proc.ci(aSAH$outcome,aSAH$s100b, cp=0.95 ,threshold=0.8,method='expect')
## Warning in proc.ci(aSAH$outcome, aSAH$s100b, cp = 0.95, threshold = 0.8, :
## response levels are not 0/1, the first level is defaultly regarded as
## negative.
## Warning in proc.est(response, predictor, threshold = threshold, method
## = "expect", : response levels are not 0/1, the first level is defaultly
## regarded as negative.
##          2.5 %    97.5 %
## [1,] 0.4528877 0.6433182
# use method 'expect' to infer partial AUC

Alternatively, we can use proc to do both estimation and inference simultaneously.

proc(aSAH$outcome,aSAH$s100b,threshold=0.8, method='expect',ci=TRUE, cp=0.95 )
## Warning in proc.est(response, predictor, threshold = threshold, method
## = method, : response levels are not 0/1, the first level is defaultly
## regarded as negative.
## Warning in proc.ci(response, predictor, cp = cp, threshold = threshold, :
## response levels are not 0/1, the first level is defaultly regarded as
## negative.
## Warning in proc.est(response, predictor, threshold = threshold, method
## = "expect", : response levels are not 0/1, the first level is defaultly
## regarded as negative.
## $pauc ## [1] 0.548103 ## ##$ci
##          2.5 %    97.5 %
## [1,] 0.4528877 0.6433182
# set ci=TRUE to get confidence interval

Similar procedures on FNR partial ODC are as follows.

podc.est(aSAH$outcome, aSAH$s100b, method='expect',threshold=0.8)
## Warning in podc.est(aSAH$outcome, aSAH$s100b, method = "expect", threshold
## = 0.8): response levels are not 0/1, the first level is defaultly regarded
## as negative.
## [1] 0.5195122
# estimate FNR partial ODC with method 'expect'
podc.ci(aSAH$outcome, aSAH$s100b, method='expect',threshold=0.8, cp=0.97)
## Warning in podc.ci(aSAH$outcome, aSAH$s100b, method = "expect", threshold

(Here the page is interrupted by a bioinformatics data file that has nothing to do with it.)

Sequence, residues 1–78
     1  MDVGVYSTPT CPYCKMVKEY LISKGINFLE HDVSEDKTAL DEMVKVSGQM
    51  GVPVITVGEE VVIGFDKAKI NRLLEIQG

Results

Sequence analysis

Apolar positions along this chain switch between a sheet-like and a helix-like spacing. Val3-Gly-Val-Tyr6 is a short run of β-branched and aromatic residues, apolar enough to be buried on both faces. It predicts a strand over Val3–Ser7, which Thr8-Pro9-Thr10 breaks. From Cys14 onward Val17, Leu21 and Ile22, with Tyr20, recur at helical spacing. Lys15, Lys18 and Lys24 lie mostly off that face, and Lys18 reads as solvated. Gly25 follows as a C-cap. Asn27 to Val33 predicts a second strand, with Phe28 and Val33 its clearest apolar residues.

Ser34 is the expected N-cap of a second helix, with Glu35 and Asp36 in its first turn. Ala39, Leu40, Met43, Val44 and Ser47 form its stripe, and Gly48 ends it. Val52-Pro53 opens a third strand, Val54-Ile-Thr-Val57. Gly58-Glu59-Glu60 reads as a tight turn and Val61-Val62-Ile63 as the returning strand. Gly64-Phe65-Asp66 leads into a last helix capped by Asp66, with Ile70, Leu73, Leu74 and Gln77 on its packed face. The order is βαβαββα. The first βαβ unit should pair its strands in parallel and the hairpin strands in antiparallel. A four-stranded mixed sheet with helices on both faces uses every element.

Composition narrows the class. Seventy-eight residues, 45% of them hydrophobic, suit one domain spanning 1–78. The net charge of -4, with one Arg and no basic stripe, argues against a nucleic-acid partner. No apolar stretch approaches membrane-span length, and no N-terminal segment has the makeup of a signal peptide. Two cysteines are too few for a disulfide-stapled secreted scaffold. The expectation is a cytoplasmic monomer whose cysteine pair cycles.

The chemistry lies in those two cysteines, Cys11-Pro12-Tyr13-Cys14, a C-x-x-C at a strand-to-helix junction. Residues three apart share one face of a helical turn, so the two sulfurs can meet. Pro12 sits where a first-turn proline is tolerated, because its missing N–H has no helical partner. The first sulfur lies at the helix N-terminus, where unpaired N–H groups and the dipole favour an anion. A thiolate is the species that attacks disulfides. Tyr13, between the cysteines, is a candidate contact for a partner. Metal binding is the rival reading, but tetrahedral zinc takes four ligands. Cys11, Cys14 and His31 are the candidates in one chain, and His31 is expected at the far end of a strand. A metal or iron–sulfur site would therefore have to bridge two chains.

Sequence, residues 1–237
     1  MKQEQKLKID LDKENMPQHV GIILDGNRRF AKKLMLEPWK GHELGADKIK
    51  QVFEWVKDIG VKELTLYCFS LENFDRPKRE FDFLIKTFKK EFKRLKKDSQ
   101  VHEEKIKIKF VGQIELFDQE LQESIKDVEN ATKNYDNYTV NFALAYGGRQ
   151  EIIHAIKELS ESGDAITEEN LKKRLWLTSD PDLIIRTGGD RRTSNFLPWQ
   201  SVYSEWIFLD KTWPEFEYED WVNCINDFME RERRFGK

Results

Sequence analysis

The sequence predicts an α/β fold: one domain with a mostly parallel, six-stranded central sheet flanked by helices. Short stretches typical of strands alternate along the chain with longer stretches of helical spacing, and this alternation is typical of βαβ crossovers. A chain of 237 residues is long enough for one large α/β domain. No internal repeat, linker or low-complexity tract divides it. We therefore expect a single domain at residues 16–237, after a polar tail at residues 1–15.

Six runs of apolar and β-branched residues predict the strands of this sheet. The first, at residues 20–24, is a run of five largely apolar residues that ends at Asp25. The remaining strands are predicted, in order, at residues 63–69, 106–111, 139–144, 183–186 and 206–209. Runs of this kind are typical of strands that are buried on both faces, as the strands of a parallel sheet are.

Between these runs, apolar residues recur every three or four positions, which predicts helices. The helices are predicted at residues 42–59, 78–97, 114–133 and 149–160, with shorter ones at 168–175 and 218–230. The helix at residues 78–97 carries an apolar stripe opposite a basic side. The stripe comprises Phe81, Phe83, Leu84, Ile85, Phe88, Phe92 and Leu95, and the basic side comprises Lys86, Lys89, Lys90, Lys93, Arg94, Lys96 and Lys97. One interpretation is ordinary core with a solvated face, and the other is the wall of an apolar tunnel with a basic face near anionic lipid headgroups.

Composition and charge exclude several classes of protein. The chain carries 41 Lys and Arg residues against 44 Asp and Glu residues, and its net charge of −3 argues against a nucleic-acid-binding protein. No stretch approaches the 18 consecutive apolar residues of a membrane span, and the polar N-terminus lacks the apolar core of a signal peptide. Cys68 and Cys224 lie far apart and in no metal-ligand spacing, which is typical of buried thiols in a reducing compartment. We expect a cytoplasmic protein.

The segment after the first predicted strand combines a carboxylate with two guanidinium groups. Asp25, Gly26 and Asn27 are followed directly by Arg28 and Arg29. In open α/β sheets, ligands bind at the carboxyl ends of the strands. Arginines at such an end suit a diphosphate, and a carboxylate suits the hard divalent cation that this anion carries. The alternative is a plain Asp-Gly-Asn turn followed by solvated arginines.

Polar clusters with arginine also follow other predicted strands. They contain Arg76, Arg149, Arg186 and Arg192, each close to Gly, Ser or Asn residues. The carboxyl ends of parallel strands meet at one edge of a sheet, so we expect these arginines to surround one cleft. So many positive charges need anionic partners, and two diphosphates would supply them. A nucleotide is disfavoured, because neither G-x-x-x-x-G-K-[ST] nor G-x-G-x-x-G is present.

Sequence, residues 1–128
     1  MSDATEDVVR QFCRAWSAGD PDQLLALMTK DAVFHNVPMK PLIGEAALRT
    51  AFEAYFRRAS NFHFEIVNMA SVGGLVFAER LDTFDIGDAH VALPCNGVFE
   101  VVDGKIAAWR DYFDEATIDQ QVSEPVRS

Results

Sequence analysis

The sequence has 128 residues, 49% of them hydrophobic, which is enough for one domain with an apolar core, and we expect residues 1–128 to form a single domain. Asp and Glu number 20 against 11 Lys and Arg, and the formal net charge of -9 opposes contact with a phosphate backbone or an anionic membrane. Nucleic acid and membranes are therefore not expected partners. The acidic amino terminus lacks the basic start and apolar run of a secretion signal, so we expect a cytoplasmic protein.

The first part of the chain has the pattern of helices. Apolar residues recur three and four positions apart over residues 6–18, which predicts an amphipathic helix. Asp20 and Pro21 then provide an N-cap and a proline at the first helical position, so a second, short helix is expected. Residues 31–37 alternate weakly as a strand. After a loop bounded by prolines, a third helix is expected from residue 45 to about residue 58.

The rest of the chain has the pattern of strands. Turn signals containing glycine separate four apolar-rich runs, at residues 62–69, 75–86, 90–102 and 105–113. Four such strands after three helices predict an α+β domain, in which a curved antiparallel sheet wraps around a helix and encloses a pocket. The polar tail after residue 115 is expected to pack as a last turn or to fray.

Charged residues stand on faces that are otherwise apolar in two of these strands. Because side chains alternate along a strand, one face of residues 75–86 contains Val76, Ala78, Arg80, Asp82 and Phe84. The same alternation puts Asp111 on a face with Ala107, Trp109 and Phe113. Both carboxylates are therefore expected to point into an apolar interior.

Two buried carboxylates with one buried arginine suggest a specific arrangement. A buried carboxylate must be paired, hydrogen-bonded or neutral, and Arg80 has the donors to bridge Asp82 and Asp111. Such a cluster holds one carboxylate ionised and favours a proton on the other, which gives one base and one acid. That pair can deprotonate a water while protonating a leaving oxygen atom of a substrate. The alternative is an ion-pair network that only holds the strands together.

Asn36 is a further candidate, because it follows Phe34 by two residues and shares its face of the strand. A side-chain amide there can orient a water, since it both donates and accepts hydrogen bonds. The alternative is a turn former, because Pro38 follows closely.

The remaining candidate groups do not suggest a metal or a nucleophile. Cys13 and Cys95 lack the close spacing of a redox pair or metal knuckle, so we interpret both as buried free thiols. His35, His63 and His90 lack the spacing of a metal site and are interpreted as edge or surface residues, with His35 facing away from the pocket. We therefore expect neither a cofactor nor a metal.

## = 0.8, : response levels are not 0/1, the first level is defaultly regarded
## as negative.
## Warning in podc.est(response, predictor, threshold = threshold, method
## = "expect", : response levels are not 0/1, the first level is defaultly
## regarded as negative.
##         1.5 %    98.5 %
## [1,] 0.403401 0.6356234
# infer FNR partial ODC with method 'expect'

podc aggregates the functions of podc.est and podc.ci.

podc(aSAH$outcome, aSAH$s100b,threshold=0.8, method='expect',ci=TRUE, cp=0.97)
## Warning in podc.est(response, predictor, threshold = threshold, method
## = method, : response levels are not 0/1, the first level is defaultly
## regarded as negative.
## Warning in podc.ci(response, predictor, cp = cp, threshold = threshold, :
## response levels are not 0/1, the first level is defaultly regarded as
## negative.
## Warning in podc.est(response, predictor, threshold = threshold, method
## = "expect", : response levels are not 0/1, the first level is defaultly
## regarded as negative.
## $podc ## [1] 0.5195122 ## ##$ci
##         1.5 %    98.5 %
## [1,] 0.403401 0.6356234
# inference and estimation